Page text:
As a hiring manager, what you ask of job candidates is also what job candidates are asking of your company: Why should I want to work here? With candidates holding more of the power, the spotlight is on companies to showcase what makes them unique and attractive to top talent.
What Makes Me Unique, Professionally Speaking
The other day a Bruno Mars song came on the radio. At the time, my mind was doing that typical thing where it manages to operate a car and take in sensory details, like pop songs and traffic signals, while staying focused on other priorities, like work-project due dates, a bag of crumpled dry cleaning, and an empty tube of toothpaste.
Then I heard the chorus and all the things I’d failed to cross off my to-do list were pushed further down said list as something more pressing took priority: editing. Like an instinct, I rewrote the following lyric in my head:
Before: Should’ve gave you all my hours / When I had the chance / Take you to every party / ‘Cause all you wanted to do was dance
After: I should’ve given you more time / When I’d had the chance / Taken you to every party / Because all you wanted was to dance
Give Bruno a Break?
Now I know songwriters aren’t syntax-obsessed grammar sticklers—and for the sake of catchy, melodic beats, they shouldn’t be. But in my world of words and messaging and saying more with less—and saying it properly—that’s all I think about, even when I’m not really thinking at all.
It’s what sets me apart as a writer, editor, and person in charge of a company’s content program: I can’t not edit imperfect language when it stares me in the face or rings in my ear.
The Power of Competitive Differentiators
As job candidates, we’re often asked to describe what sets us apart from the competition (you know, because we know exactly who we’re up against). What makes you unique is an interviewer’s way of seeing if you know what it is about yourself that makes you worth hiring.
I believe my obsessive real-time editing, whether it’s a song, a billboard, or someone I overhear talking, sets me apart. When I describe this in an interview, I’m not simply selling myself as a trained marketer, I’m trying to get my interviewer to buy in on my particular brand of quality and perfectionism.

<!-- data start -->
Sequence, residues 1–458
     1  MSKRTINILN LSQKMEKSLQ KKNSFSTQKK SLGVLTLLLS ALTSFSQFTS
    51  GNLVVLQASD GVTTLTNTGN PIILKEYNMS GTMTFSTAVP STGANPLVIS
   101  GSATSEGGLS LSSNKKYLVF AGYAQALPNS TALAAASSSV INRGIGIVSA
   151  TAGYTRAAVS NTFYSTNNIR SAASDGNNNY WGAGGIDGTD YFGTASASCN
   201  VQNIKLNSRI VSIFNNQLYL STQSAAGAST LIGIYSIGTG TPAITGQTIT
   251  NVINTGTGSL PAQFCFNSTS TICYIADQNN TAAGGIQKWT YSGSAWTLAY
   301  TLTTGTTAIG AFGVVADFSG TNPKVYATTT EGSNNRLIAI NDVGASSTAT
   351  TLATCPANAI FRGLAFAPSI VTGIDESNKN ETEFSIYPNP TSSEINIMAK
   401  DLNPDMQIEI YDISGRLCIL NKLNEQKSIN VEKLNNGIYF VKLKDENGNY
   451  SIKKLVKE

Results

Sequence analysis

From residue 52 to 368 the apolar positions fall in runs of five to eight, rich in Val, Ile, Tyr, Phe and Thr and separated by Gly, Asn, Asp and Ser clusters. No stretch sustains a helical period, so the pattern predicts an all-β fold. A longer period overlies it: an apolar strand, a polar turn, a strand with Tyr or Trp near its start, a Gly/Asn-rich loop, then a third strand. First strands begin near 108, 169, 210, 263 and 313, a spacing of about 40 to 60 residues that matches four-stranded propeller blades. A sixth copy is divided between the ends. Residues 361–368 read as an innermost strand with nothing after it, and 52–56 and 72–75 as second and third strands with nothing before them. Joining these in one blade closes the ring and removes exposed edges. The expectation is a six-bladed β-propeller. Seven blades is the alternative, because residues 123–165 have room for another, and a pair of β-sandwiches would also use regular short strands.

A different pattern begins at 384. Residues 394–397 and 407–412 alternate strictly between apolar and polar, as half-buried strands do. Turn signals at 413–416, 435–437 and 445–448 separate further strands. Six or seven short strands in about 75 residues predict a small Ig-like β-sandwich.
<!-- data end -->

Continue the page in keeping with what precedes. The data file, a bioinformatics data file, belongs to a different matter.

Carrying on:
But what about companies? Shouldn’t they, too, sell job seekers on what makes them stand out from all the others in consideration? Whether they’re asked directly or not, companies do have to deal with this question of uniqueness. Every time a hiring manager interviews a job candidate, or even when that candidate visits the “About Us” page, they are—or should be—selling candidates on what makes their company different and worth joining.
Being Unique is a Two-Way Street
Showcasing competitive differentiators goes both ways. But as we shift toward a candidate’s market, it’s even more important for companies to understand theirs and make them explicit.
It’s culture, not just compensation and perks, that can be a company’s real competitive differentiator, just like editing everything I see and hear is mine. What makes your company different from all the others is what will attract the best and brightest to it—not to mention the most fitting. And the best, brightest, and most fitting hires are the ones who will make the biggest impact.
3 Questions Every Company Should Be Able to Answer
Here are three questions commonly asked of job candidates. Spin them around and ask them of your company:
- What makes us unique? versus What makes you stand out from the competition?
- What would our employees say about what it’s like to work here? versus How would your friends describe you?
- Why should a job candidate want to work here? versus Why should I hire you?
And if you don’t know the answers, ask.